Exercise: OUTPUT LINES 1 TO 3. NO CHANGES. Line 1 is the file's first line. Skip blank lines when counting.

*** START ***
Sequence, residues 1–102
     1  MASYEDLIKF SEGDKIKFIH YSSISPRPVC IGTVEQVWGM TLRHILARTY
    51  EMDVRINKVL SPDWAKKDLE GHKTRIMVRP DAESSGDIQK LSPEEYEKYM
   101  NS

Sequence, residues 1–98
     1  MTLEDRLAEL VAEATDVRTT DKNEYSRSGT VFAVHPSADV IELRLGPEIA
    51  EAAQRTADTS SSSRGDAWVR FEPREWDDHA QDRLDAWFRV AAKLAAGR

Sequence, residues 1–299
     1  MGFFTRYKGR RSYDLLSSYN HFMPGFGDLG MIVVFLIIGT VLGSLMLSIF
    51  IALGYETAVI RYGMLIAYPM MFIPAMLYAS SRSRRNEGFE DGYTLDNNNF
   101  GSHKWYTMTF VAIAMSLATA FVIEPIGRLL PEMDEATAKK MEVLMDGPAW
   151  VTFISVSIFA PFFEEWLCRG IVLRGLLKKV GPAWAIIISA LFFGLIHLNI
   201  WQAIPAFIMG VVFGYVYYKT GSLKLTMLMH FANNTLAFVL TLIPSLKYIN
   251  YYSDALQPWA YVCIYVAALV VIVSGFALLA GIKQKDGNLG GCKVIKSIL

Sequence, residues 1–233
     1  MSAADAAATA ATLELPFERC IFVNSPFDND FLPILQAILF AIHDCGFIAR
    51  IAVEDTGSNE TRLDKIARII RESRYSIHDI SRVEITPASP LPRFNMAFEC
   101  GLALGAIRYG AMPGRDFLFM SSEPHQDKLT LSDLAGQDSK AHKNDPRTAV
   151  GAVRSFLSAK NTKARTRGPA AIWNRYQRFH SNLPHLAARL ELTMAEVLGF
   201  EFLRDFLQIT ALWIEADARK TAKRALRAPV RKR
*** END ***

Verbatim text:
Sequence, residues 1–102
     1  MASYEDLIKF SEGDKIKFIH YSSISPRPVC IGTVEQVWGM TLRHILARTY
    51  EMDVRINKVL SPDWAKKDLE GHKTRIMVRP DAESSGDIQK LSPEEYEKYM